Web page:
How people feel about Omaha’s electric scooters is a matter of perspective.
Riders say the scooters are hip, fun and convenient for short trips. But many pedestrians and drivers have a different view.
The city is gathering data and public input as part of its six-month pilot program with scooters. When the trial run ends in mid-November, city officials will decide whether to ban the rental scooters or allow their continued use in Omaha, with regulations.
The city has been working with smartphone app-based scooter companies Lime and Spin to gather data on the number of local rides, where the scooters are being ridden and where the scooters are left, or parked.
The results so far show scooter use clustered in four areas that are part of the pilot program — downtown, Midtown Crossing, Aksarben Village and Benson.
City maps also show riders going onto neighborhood streets and into other areas where riders were prohibited, including the Bob Kerrey Pedestrian Bridge.
Some on the City Council have questioned whether the companies are doing enough to keep people from riding where scooters are prohibited.
Omaha residents are sounding off to city leaders, including Mayor Jean Stothert, who approved the pilot program that started in May.
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Most people who have contacted the Mayor’s Hotline by email or phone say they want the scooters more heavily regulated or gone, city records show.
Many people who emailed the city, including downtown resident Melanie Hecker, don’t like encountering the scooters on sidewalks, where they are prohibited.
Others, including John Wright, don’t like driving near the scooters on the streets, where they are allowed, just like a bicycle.
Some, including pediatrician Dr. Tina Scott-Mordhorst, expressed worry about rider injuries. She said her 25-year-old son broke his arm on a scooter in Omaha.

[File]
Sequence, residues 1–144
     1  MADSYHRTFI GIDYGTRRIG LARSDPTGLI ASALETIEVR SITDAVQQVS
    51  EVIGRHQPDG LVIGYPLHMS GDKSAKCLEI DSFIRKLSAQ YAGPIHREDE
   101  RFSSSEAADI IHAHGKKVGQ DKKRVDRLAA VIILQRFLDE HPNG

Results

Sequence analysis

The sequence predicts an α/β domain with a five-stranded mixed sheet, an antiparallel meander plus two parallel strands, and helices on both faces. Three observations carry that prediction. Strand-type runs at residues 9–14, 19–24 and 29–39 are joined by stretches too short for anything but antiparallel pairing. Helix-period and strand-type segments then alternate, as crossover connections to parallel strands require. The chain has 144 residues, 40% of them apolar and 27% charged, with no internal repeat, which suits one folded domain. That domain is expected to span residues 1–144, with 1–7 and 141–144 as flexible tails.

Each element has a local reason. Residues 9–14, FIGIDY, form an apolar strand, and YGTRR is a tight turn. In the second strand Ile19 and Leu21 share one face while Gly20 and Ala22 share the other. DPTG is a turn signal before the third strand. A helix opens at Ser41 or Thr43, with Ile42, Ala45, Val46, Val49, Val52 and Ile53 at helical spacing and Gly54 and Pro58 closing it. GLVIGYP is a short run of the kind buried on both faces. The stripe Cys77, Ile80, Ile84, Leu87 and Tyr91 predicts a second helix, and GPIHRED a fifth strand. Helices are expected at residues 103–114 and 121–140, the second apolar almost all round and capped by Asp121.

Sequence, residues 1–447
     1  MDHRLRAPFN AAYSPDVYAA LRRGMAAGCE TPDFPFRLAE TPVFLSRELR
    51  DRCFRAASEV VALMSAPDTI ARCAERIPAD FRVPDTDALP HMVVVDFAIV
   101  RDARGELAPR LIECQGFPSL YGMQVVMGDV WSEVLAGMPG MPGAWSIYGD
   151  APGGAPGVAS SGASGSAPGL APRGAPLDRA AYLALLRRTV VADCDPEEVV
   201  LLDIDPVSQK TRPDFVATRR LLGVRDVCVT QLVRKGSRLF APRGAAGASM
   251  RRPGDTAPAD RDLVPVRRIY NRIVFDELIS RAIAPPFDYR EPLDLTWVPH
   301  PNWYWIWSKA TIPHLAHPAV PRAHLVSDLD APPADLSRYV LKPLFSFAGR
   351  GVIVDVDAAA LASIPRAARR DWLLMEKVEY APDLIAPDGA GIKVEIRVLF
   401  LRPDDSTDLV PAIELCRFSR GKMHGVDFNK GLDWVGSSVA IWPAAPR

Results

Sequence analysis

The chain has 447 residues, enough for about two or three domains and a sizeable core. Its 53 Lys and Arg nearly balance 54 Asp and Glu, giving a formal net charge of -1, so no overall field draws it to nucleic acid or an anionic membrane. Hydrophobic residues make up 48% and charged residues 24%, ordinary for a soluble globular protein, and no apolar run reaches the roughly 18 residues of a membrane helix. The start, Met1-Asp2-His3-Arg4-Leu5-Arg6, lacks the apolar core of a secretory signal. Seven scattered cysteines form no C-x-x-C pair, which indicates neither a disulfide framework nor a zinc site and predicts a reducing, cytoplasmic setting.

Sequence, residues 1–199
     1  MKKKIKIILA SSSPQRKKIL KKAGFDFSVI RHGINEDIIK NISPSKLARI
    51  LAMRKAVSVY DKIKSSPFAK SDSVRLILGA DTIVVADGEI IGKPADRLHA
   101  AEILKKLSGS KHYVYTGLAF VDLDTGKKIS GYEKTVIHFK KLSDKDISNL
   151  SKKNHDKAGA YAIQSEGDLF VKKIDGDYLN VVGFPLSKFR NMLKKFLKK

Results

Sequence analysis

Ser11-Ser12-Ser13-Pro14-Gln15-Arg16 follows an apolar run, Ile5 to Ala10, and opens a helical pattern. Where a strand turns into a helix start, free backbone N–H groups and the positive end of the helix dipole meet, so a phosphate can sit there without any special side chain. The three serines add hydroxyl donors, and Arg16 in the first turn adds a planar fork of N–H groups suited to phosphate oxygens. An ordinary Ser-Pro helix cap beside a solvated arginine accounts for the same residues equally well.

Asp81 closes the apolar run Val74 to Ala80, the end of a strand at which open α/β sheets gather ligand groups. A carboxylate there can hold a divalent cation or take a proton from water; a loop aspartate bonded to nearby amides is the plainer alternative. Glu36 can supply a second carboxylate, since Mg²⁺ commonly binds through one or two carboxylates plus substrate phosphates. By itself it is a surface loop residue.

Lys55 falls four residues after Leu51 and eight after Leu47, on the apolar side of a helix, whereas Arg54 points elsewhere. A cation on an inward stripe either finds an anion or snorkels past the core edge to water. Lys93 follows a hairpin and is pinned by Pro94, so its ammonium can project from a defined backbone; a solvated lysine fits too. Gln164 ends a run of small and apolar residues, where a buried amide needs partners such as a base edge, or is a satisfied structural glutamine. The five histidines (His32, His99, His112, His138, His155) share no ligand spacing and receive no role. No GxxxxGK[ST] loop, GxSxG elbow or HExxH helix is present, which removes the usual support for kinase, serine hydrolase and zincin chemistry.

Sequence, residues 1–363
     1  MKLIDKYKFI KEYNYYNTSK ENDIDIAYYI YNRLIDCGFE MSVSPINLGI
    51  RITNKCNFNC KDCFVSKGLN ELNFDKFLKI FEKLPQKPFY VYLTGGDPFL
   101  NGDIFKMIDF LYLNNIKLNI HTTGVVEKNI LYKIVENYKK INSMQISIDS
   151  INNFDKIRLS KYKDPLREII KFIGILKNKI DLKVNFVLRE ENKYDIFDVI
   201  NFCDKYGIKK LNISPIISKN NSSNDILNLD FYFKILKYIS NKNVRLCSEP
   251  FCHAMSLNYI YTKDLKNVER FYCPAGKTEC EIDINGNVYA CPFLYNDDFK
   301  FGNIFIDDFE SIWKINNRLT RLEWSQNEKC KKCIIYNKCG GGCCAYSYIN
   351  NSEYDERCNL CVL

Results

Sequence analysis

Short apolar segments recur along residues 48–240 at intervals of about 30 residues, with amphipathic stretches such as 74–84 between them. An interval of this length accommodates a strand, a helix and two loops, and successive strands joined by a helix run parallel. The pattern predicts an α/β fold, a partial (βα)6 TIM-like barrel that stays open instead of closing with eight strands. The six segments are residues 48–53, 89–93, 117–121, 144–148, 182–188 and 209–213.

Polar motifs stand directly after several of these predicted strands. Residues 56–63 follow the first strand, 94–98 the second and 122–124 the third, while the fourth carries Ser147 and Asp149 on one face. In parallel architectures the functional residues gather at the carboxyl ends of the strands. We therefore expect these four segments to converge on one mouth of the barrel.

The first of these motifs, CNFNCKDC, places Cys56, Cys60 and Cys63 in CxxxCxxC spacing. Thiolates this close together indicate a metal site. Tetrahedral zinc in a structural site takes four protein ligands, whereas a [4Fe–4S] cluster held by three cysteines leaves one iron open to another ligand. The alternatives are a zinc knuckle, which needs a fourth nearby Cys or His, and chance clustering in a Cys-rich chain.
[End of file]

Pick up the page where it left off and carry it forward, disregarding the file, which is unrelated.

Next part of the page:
Several people, including Benson’s Cheri Harris and Sherri Harding, said poorly parked scooters limit sidewalk access for disabled people and the elderly.
Scooter critics are butting heads with a committed core of enthusiasts, most of whom are riding scooters for trips of less than a mile.
One of those is Marianna Foral, who wrote the mayor that she uses the scooters for trips that are “a little too far to walk or if I’m short on time.”
“I recently hosted some friends from Kansas City who are considering relocating to Omaha,” Foral wrote. “They loved the benefit of the scooters (in Omaha) and were impressed that our city has this to offer.”
Some of the riders are the young professionals that civic leaders say Omaha needs to attract and retain to stay vibrant.
John Fahrer, owner of Scriptown Brewing Co. in the Blackstone District, said he enjoys having the scooters around, as do many of his customers.
Some riders don’t park the scooters correctly and leave them near the entrances to businesses or blocking access to crosswalks. That can be a nuisance near a business, he said. But things have gotten better as the pilot goes on.
In fact, he said, he’s ridden the scooters himself, including for a quick trip to the bank, giving the drive-through teller a story to tell.
“I see people abiding by the rules,” Fahrer said.
City Council President Chris Jerram said this week that he’s receiving fewer complaints and comments about the scooter pilot program than when it first began.
Jerram, who represents south-central Omaha, including parts of downtown and the Blackstone District, said he’ll wait until the pilot program ends to weigh in.
Ben Gray, whose north Omaha district stretches to the riverfront and parts of downtown, said he has heard no complaints lately about scooters.
Councilman Pete Festersen, whose north-central Omaha district includes Benson, said he’s heard from people who love and hate the scooters.
He said he wants to learn more about how effectively the scooter companies can enforce limits on where the scooters can be ridden before the council makes its decision.
Jen Bauer, president of the Aksarben-Elmwood Park Neighborhood Association, said she wants more clarity about what can be done to restrict the scooters’ use.
Residents of her south- central Omaha neighborhood enjoy walking in the area, she said, but some are nervous about getting hit by a scooter.
“They’re not supposed to be on the sidewalk, but they’re on the sidewalk,” she said. “We thought there were boundaries, and there are no boundaries.”
The scooter companies serving Omaha, Lime and Spin, have said they are working with the city to encourage riders to follow the rules.